Analysis (14) (14 of 14 results)

  • Articles and reports: 11-008-X20060029274
    Description:

    This article uses data from the 2001 General Social Survey to examine patterns in leaving the parental home. It compares the transition process for five birth cohorts,with the focus on Wave 1 Boomers (born between 1947 and 1956) and their children in Generation X (born between 1967 and 1976). The differences in patterns of leaving the parental home are examined, and then the principal factors associated with a young person's initial launch into adulthood are identified.

    Release date: 2006-12-15

  • Articles and reports: 11-008-X20060029275
    Description:

    This article examines involvement with the court system of young Canadians born between April 1979 and March 1980. It identifies how large a proportion of them were referred to court and the type of offence with which they were charged. Using data from the Youth Court Survey and the Adult Criminal Court Survey, it follows them as they moved from youth to young adulthood - that is, from age 12 to 21, inclusive

    Release date: 2006-12-15

  • Articles and reports: 89-599-M2006004
    Description:

    This report provides an overview of Canadian children as they enter school as 5-year-olds. It looks at the collection of abilities, behaviours and attitudes that they bring with them, attributes that are important for early school achievement. The report shows that children vary on some dimensions of readiness to learn at school, according to their family characteristics, their background and their home environment and experiences. It also shows that some of the differences in readiness to learn may already be evident two years earlier, when the children were 3 years old. Finally, the report indicates factors in the home environment that may contribute to differences among different economic groups. The report adds to what we know about readiness to learn. It provides information that may be useful for policy analysts, teachers, researchers, and parents themselves as they work toward maximizing the potential of preschool children everywhere.

    Release date: 2006-11-27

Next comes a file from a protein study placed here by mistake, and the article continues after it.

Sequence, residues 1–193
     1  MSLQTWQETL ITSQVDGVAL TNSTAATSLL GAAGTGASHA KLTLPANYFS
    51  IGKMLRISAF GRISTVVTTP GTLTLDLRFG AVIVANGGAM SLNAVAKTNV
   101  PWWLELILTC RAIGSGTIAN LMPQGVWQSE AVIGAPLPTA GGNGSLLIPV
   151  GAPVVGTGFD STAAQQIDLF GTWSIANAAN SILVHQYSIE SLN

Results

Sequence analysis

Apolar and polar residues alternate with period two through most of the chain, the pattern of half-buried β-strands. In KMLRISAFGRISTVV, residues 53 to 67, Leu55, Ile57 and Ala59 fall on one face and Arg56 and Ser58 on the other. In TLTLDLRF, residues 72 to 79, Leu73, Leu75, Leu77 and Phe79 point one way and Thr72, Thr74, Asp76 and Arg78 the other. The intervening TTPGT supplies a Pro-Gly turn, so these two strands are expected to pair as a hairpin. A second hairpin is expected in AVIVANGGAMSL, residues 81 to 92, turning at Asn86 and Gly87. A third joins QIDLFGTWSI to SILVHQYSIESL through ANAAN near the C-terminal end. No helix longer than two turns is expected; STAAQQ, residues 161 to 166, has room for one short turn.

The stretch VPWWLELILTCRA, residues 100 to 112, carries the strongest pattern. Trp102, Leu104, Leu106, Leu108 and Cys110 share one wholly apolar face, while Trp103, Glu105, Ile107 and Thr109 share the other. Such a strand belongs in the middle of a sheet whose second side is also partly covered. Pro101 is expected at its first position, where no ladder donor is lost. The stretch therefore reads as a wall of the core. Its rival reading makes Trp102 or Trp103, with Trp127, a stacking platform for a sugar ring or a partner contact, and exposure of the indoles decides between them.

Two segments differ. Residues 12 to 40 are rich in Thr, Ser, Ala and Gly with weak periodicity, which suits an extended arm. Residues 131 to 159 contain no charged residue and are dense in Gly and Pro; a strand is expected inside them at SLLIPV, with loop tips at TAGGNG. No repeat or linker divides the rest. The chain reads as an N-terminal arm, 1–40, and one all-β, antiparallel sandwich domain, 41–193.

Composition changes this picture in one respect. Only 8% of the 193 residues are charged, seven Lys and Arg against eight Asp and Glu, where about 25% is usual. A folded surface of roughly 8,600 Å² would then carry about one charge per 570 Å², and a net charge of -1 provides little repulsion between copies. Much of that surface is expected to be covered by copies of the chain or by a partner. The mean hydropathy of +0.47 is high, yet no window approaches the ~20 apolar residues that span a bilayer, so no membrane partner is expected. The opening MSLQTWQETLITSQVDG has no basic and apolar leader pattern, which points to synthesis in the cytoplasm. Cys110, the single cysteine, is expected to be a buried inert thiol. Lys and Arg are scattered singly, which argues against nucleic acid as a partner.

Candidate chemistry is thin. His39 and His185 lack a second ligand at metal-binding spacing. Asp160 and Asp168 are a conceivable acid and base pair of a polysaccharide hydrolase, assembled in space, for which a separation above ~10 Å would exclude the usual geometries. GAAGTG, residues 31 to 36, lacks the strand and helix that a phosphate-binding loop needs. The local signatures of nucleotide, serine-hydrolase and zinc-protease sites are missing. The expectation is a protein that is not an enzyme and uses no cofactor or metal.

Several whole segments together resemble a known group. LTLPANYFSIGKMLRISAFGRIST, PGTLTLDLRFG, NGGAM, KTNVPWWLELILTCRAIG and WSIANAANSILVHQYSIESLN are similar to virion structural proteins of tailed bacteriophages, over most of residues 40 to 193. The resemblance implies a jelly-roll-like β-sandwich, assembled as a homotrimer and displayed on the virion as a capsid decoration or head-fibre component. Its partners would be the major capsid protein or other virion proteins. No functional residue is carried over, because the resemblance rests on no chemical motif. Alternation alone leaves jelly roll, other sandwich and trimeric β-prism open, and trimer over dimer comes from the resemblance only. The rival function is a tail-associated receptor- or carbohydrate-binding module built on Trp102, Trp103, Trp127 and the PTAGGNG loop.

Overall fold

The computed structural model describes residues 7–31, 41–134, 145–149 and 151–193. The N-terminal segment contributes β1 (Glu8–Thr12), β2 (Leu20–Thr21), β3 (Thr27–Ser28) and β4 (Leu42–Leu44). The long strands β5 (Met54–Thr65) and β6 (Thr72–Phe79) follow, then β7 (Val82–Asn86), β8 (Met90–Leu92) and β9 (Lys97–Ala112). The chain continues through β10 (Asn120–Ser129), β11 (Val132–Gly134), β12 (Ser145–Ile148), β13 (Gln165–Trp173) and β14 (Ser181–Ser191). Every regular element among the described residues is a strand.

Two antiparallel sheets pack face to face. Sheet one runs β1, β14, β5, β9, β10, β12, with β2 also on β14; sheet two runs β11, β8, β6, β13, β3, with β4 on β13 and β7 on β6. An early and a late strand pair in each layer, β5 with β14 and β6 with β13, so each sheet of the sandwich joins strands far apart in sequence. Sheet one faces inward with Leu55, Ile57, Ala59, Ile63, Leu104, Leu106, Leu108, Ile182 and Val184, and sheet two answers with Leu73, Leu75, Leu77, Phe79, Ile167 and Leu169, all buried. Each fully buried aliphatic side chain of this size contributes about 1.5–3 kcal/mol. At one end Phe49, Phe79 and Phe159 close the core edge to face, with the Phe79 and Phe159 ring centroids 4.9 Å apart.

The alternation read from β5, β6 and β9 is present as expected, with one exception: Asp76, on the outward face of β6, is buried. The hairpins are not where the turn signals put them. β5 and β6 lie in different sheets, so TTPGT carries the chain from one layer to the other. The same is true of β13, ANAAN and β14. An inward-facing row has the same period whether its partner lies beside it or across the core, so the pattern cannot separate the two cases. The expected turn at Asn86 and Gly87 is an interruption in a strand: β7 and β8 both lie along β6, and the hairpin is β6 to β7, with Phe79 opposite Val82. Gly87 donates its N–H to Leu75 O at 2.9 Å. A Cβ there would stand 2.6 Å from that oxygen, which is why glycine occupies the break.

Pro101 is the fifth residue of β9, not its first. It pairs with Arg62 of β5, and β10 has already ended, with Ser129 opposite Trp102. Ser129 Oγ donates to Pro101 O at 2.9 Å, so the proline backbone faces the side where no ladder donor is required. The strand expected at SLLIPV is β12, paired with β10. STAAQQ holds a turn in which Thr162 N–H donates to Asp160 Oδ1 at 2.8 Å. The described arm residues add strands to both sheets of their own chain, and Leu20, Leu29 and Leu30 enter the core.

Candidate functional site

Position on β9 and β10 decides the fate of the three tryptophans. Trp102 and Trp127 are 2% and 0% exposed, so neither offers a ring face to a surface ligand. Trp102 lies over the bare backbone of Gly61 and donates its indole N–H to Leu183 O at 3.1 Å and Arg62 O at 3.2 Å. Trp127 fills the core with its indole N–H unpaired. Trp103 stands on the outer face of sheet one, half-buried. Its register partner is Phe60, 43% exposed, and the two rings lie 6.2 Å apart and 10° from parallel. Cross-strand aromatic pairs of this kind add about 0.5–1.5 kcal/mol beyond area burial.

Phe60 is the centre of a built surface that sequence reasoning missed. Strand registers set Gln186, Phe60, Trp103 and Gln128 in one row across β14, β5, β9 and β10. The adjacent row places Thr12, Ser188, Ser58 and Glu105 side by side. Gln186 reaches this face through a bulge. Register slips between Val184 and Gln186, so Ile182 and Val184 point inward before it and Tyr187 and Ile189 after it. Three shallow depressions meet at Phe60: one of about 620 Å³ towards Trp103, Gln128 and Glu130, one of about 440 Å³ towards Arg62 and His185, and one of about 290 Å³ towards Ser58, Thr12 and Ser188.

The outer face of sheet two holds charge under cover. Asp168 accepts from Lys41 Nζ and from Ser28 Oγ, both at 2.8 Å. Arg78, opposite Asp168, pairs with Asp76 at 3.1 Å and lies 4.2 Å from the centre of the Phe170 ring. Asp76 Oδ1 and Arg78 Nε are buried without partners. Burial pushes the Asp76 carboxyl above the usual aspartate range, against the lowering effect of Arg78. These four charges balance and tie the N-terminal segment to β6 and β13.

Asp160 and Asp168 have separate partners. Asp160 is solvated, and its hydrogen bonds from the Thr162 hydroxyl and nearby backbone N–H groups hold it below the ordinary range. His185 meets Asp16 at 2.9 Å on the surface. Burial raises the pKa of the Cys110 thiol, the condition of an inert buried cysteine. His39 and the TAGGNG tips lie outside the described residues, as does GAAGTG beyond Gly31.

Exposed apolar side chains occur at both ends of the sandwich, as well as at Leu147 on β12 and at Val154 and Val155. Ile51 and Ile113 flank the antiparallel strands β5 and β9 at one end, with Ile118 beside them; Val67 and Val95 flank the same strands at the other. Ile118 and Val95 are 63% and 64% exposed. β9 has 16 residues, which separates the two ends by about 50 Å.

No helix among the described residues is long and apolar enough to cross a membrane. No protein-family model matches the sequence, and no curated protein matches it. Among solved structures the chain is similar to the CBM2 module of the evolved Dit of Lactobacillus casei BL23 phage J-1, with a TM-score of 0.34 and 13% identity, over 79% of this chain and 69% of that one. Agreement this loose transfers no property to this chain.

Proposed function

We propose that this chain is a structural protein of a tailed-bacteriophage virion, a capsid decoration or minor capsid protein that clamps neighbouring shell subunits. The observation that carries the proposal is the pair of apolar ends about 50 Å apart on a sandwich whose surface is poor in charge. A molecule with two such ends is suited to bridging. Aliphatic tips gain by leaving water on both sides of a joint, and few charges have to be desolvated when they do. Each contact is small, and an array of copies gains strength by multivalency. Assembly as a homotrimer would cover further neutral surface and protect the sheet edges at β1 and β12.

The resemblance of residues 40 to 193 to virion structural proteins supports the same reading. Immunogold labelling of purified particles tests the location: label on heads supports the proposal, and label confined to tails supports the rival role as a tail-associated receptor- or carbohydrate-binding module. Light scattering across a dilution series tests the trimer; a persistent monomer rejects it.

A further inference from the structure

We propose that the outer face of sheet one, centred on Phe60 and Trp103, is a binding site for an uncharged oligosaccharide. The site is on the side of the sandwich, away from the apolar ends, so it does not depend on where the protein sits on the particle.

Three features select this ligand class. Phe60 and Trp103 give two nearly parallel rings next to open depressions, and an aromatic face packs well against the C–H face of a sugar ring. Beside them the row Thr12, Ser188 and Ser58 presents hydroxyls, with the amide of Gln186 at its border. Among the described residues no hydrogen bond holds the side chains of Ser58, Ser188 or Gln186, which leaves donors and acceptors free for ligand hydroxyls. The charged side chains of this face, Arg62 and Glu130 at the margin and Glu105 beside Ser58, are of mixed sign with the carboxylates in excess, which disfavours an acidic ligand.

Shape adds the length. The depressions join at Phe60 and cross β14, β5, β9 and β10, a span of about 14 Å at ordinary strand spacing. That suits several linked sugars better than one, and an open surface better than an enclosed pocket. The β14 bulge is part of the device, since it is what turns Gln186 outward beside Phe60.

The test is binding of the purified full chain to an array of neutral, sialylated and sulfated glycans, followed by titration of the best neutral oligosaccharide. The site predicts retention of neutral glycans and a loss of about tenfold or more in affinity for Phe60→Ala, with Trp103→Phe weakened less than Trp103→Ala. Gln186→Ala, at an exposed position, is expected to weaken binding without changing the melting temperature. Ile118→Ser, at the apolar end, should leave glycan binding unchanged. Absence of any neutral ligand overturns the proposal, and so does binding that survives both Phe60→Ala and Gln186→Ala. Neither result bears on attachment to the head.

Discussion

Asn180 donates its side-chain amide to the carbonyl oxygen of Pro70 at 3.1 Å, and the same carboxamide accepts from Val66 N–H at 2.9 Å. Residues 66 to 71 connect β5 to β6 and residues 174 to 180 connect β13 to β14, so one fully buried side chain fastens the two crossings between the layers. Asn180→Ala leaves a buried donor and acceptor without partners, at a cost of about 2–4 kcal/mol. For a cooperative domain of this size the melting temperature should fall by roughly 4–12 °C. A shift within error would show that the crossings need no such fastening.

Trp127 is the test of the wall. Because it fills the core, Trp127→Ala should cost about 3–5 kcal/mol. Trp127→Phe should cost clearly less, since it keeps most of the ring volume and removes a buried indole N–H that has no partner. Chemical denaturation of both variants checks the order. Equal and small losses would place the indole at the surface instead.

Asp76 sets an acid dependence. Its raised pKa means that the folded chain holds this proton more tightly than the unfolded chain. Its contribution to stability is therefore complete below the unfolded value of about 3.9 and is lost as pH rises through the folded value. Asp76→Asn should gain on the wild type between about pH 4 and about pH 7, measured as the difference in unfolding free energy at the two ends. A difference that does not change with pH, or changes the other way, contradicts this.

• Articles and reports: 75-001-X200610713167
    Description:

    The division of labour between men and women continues to evolve. Today's couples have a much more equal partnership in sharing financial, child care and household responsibilities. This has been brought about in large part by the expanding economic role of women, which has helped erode the idea that men should be primarily responsible for paid work while women look after unpaid household and family duties.

    Release date: 2006-09-19

  • Articles and reports: 82-003-X20050039277
    Description:

    More than a quarter - 26% - of 2- to 17-year-olds were overweight or obese in 2004. Low consumption of vegetables and fruit was associated with excess weight among this age group. As screen time (watching TV, playing video games, using a computer) increased, so did the likelihood that young people would be overweight/obese.

    Release date: 2006-08-22

  • Articles and reports: 11-010-X20060089290
    Description:

    As women have entered the labour force in greater numbers, gender differences in the division of labour within families have diminished, with men assuming more housework and child care. Changing work arrangements at home are also leading employers to adapt alternative work arrangements.

    Release date: 2006-08-10

  • Articles and reports: 85-002-X20060049251
    Description:

    The annual report on crime statistics presents an analysis of the police-reported data in 2005. These data are presented within the context of both short and long term trends. Data are examined at the national, provincial and territorial levels, as well as for major metropolitan areas by type of crime. The report distinguishes between violent crime, property crime, other Criminal Code offences, impaired driving, drug offences and youth crime.

    Release date: 2006-07-20

  • Articles and reports: 11-008-X20060019197
    Description:

    This paper uses Canadian data from the 2002 and 2003 National Longitudinal Survey of Children and Youth to examine the levels of altruism or prosocial behaviour, anxiety or emotional disorder, and physical aggression or conduct disorder for children aged 8 to 11 with and without learning disabilities, controlling for characteristics of the child, the family and parenting style. Children were identified as having learning disabilities if they were diagnosed as having this long-term condition by a health professional.

    Release date: 2006-06-28

  • Articles and reports: 11F0019M2006284
    Description:

    The present review provides a description of various Canadian national survey data sets that could be used to examine issues related to child care use. National data sets dealing with patterns of employment, time use, family earnings, social support, and child, adolescent, or adult health measures were included. We conclude that numerous questions remain unanswered in terms of addressing the relationship between patterns of employment, use of child care, family roles and responsibilities, and associations with the health of families. Recommendations are made about information that has not been collected but may prove to be useful in addressing these issues. Moreover, we conclude that existing Canadian national survey data could be used to address several issues related to patterns of care use as well as the impact on children and families.